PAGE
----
Health, solid pitching would be Rays' perfect storm

Health, solid pitching would be Rays' perfect storm

ST. PETERSBURG -- Every team dreams about the perfect season. If the Rays were to define the things that need to take place in order to have a perfect season, here's what they'd likely say.

To start, they would wish for health.

The 2017 season proved to be a walking-wounded ward.

Three players sustained season-ending injuries in September: Matt Duffy had left-heel surgery, Steven Souza Jr. had hip surgery and Logan Morrison had left-wrist surgery. Prior to those injuries, on Aug. 29, when right-hander Alex Cobb (Tommy John surgery) was activated, the Rays found themselves without a single player on the disabled list for the first time since July 6, 2011.

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Of all the injuries, all-world center fielder Kevin Kiermaier's broken hand proved to be the cruelest blow.

Prior to Kiermaier getting hurt, the Rays were 20-19. They went 14-35 when he was out, including a 3-22 stretch prior to the All-Star break.

"It's very tough to quantify what KK does for us," Rays manager Kevin Cash said.

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After health, the starting pitching must live up to its billing.

Enigmatic Chris Archer heads the list here. Talk to any scout and they'll wax on about the quality of the right-hander's stuff. Archer went 9-19 with a 4.02 ERA in 33 starts and struck out 233 in 2016. He also logged a team-high 201 1/3 innings, making him the fourth Rays pitcher to record consecutive 200-inning seasons. He joined James Shields, David Price and Matt Garza.

Over the past two seasons, Archer's 485 strikeouts are tied with Giants ace Madison Bumgarner for third in the Majors. Only Max Scherzer (560) of the Nationals and Chris Sale (507), formerly of the White Sox and now with the Red Sox, have more.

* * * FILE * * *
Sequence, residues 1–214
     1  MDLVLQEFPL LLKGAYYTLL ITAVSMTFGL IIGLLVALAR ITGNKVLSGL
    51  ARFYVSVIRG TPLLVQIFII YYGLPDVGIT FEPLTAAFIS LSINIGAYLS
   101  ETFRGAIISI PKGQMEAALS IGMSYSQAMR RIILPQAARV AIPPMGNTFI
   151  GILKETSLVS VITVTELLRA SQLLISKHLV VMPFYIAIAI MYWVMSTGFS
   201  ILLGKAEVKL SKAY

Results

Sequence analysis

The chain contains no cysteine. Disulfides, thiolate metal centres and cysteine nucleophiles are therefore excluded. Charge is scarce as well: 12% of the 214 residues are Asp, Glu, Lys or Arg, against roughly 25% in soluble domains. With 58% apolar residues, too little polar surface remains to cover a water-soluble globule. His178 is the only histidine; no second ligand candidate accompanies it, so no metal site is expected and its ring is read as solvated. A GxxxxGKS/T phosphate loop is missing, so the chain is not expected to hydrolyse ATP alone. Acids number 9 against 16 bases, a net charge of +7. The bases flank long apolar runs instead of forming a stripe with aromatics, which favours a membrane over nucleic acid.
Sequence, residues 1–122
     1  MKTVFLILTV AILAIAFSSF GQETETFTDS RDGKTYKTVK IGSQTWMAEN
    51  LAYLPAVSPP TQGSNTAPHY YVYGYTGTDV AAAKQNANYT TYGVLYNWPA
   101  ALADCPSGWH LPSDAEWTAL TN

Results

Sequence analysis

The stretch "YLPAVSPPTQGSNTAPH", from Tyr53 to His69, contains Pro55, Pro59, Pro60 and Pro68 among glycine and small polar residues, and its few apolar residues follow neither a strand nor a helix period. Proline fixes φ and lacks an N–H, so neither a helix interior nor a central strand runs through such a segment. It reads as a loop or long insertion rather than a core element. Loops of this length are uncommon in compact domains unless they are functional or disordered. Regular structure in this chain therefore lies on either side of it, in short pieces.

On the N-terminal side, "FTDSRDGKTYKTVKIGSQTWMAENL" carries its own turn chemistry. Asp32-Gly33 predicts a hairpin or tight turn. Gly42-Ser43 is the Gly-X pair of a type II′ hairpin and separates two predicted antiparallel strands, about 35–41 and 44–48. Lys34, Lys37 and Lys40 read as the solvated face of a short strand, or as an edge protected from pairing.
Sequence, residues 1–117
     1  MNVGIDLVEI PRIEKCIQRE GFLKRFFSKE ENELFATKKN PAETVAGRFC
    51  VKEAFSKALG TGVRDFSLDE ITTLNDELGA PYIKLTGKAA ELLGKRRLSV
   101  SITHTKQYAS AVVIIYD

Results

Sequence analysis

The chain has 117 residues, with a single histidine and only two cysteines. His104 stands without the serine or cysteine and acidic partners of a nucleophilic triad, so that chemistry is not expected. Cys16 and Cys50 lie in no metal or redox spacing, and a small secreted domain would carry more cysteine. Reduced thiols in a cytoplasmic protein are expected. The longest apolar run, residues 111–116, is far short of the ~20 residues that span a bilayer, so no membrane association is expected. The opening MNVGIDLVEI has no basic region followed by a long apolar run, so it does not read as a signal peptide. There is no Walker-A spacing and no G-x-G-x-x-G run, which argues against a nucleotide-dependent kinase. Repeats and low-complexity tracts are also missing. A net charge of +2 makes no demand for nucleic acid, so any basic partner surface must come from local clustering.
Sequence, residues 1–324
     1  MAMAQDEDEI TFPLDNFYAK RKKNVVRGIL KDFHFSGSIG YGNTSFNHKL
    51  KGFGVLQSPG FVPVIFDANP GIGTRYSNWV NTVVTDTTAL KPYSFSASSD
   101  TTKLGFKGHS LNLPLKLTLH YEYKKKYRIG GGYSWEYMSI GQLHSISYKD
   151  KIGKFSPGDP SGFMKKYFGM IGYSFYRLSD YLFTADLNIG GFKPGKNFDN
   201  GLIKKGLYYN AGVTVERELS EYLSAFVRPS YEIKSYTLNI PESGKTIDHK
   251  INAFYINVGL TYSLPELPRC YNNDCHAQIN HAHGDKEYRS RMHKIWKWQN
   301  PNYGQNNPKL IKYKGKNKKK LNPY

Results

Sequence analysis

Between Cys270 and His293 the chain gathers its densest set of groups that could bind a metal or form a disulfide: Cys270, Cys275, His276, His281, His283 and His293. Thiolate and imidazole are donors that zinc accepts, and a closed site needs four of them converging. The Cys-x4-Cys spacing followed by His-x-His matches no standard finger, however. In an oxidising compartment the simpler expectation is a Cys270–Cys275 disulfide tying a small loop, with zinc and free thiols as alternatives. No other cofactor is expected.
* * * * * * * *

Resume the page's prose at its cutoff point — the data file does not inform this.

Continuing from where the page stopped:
His 19 losses led the American League and tied Shields of the Padres and White Sox for the most in the Majors. His combination of strikeouts and losses in one season has been reached by only three other pitchers in AL history, all Hall of Famers: Gaylord Perry (Indians, 1973), Ed Walsh (White Sox, 1916) and Rube Waddell (Philadelphia Athletics, 1904).

Under a dream-season scenario, all the cards would fall into place, and Archer's numbers would match up with his stuff.

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Also on the starting pitching front, Alex Cobb would pick up where he left off prior to having season-ending Tommy John surgery in 2015. That would give the Rays a dynamic 1-2-3 in Archer, Cobb and Jake Odorizzi.

Having above-average starting pitching would afford Cash the opportunity to use his relievers in defined roles, while allowing the group to remain rested.

In a perfect season, Evan Longoria repeats what he did in 2016, providing a solid foundation for the offense. If everything falls into place for the rest of the offense, several players in the lineup would put together career years.

Perfect seasons -- magic seasons -- are special, so it's hard for everything on the wish list to come to fruition. But in the Rays' case, it's not that far-fetched.

Bill Chastain has covered the Rays for MLB.com since 2005. This story was not subject to the approval of Major League Baseball or its clubs.